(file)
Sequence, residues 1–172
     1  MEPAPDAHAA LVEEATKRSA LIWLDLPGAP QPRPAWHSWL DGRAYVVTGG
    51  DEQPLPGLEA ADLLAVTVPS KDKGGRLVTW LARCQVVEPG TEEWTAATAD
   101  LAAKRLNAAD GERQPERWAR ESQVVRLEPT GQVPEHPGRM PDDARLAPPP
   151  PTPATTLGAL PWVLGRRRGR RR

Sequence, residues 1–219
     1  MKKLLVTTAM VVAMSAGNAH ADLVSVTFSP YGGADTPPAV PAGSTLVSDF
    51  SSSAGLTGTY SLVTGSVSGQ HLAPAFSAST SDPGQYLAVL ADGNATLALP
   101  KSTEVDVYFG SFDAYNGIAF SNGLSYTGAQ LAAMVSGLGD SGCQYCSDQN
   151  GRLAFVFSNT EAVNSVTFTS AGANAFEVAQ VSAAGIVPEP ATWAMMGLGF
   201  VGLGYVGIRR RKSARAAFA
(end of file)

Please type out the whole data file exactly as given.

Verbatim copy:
Sequence, residues 1–172
     1  MEPAPDAHAA LVEEATKRSA LIWLDLPGAP QPRPAWHSWL DGRAYVVTGG
    51  DEQPLPGLEA ADLLAVTVPS KDKGGRLVTW LARCQVVEPG TEEWTAATAD
   101  LAAKRLNAAD GERQPERWAR ESQVVRLEPT GQVPEHPGRM PDDARLAPPP
   151  PTPATTLGAL PWVLGRRRGR RR

Sequence, residues 1–219
     1  MKKLLVTTAM VVAMSAGNAH ADLVSVTFSP YGGADTPPAV PAGSTLVSDF
    51  SSSAGLTGTY SLVTGSVSGQ HLAPAFSAST SDPGQYLAVL ADGNATLALP
   101  KSTEVDVYFG SFDAYNGIAF SNGLSYTGAQ LAAMVSGLGD SGCQYCSDQN
   151  GRLAFVFSNT EAVNSVTFTS AGANAFEVAQ VSAAGIVPEP ATWAMMGLGF
   201  VGLGYVGIRR RKSARAAFA